What ex-Manhunt winner endured to be where he is -- such as getting dumped

3 October 2013 / 3 years 2 weeks ago

He won Manhunt Singapore 2011 and is a part-time freelance model. Yet, Juan Wen Jie, 30, doesn’t care too much about being a pretty face – or keeping it.

According to a New Paper report, he is now spending all his time on the discipline of mixed martial arts (MMA), sanshou (a Chinese-origin combat sport) and muay thai.

Juan said: “I like getting hit, and hitting people in return.”

On Oct 18, he will take on Malaysian fighter Alex Lim at his ONE FC debut in front of an expected crowd of 10,000 at the Singapore Indoor Stadium.

His match with Lim is part of a line-up of six fights that night, including the headlining face-off between Brazilian pound-for-pound king Bibiano Fernandes and ONE FC Bantamweight World Champion, Korean fighter Soo Chul Kim.

There are two other Singapore vs Malaysia fights on the cards as well – female Singaporean fighter Sherilyn Lim will take on Malaysian Ann Osman, while Singaporean Stephen Langdown will be up against Malaysia’s Marc Marcellinus.

Juan is more eager than nervous about his ONE FC debut.

After all, the fighter – who has only one loss so far in his 20-fight muay thai, sanshou and MMA career – was meant to get on the ONE FC stage last year but had to bow out due to a whiplash injury sustained while wrestling a guy 10kg heavier than him during training.

During that time, Juan did a few runway shows and continued training others as he’s also a World Muaythai Council-certified instructor who teaches MMA in schools as well as to individual clients at local school Impact Mixed Martial Arts.

But it’ll be a confident man standing in the middle of the ring in two weeks – Juan said he has since recovered from the whiplash and fought in a few smaller events “to shake out my ring rust”.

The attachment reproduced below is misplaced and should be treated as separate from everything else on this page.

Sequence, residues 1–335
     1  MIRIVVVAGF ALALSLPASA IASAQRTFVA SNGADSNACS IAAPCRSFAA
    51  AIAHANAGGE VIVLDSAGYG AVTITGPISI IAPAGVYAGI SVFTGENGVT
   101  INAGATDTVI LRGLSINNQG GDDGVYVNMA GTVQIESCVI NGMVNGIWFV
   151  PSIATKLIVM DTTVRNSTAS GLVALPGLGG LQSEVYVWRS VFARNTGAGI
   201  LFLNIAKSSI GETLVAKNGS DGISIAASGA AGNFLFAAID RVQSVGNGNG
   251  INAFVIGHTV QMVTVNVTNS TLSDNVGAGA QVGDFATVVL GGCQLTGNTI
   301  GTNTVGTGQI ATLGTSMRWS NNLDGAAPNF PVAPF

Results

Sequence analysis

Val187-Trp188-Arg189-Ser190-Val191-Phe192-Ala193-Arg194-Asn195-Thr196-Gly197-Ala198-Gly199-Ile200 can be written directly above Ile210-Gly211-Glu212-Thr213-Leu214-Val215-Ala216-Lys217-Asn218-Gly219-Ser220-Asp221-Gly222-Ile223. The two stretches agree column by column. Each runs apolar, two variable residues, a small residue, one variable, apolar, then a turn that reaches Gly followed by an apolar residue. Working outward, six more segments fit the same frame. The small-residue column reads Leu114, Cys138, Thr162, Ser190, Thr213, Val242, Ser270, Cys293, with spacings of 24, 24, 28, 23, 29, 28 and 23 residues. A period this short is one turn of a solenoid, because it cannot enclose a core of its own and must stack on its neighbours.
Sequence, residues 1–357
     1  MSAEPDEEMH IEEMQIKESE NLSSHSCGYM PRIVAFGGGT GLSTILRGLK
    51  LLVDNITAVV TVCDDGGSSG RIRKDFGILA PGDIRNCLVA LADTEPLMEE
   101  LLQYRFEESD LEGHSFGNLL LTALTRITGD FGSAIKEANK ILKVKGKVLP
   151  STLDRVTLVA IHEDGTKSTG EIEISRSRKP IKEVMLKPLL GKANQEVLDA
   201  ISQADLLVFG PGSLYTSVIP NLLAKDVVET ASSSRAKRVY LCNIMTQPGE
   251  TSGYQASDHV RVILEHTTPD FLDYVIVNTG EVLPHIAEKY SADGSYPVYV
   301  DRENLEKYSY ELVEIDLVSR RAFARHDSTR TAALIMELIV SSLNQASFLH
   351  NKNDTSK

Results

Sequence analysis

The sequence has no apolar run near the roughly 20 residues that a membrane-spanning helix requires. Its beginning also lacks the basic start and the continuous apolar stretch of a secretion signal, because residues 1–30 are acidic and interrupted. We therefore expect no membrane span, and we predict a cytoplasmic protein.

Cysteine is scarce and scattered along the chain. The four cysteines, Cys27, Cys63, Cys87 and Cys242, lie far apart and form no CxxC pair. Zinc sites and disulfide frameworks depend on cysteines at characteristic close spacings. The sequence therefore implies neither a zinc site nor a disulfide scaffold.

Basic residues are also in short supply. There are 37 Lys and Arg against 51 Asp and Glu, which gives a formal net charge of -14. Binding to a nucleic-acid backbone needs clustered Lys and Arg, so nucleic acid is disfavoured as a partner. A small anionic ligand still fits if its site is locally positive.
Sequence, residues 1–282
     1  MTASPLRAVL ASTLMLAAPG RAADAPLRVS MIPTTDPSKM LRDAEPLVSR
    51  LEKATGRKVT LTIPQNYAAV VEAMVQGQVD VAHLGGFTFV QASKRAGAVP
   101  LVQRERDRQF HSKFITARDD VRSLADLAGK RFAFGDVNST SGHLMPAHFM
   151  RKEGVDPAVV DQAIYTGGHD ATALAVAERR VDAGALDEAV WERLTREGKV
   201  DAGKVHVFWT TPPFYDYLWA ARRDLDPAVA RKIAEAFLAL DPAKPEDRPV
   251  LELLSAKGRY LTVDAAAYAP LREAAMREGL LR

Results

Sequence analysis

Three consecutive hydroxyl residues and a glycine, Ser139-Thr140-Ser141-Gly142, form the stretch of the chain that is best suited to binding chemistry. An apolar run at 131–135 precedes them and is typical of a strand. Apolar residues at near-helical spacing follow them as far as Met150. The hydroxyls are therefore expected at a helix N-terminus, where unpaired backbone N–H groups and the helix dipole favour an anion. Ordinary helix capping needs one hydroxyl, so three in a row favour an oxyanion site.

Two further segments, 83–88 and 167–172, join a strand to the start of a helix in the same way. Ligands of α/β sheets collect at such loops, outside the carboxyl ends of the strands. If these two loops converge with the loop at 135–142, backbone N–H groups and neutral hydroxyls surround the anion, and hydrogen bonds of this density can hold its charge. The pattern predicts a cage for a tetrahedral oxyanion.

According to Mr Matt Hume, vice president of operations and matchmaking at ONE FC, Juan was selected because he is “one of the brightest mixed martial artists from Singapore” thanks to his 2-0 record in professional MMA fights. Juan started fighting professionally two years ago.

“He caught the eye of our scouts with his impressive performances in regional competitions,” said Mr Hume.

Although Lim, Juan’s ONE FC opponent, is a veteran, Juan said he doesn’t feel any fear and even told The New Paper nonchalantly: “I’ll knock him out.”

If you’re wondering where that uber-confidence comes from, look no further than Juan’s gruelling morning-to-midnight, six-days-a-week training schedule. He is so dedicated to it that he doesn’t have time for a relationship, he said. His last serious one ended three years ago.

“My ex-girlfriends and most of my dates said they couldn’t take the schedule. Who would like a guy who isn’t by their side, right?” he said.

He said he tried to slowly coax them into his ultra-disciplined lifestyle, introducing the girls he dates to the gym he trains at, but to no avail. Inevitably, when dates don’t call back or girls break up with him, he takes comfort in training.

“One of my seniors told me something, ‘Girls will leave you, but martial arts will never leave you’,” he said with a laugh.

His family and friends, too, have trouble seeing him on a regular basis. His mum, Madam Sandra Lam, 56, who works at one of the casinos here, will sometimes meet him for chicken rice at Boon Tong Kee after his late-night training sessions.

“She’s pretty cool, and very supportive. But sometimes I don’t tell her when I have fights, because I believe when there’s a fight going on, it’s like a war – you don’t bring the children, women or elderly with you. Very chauvinistic, right?” he said with another laugh.

Still, this is a guy who admits to being “married to martial arts”.

Now that he’s entering his 30s though, when will he start thinking about actual wedding vows?

Said Juan: “I’ll just let nature take its course.”

Read the full report on  The New Paper.

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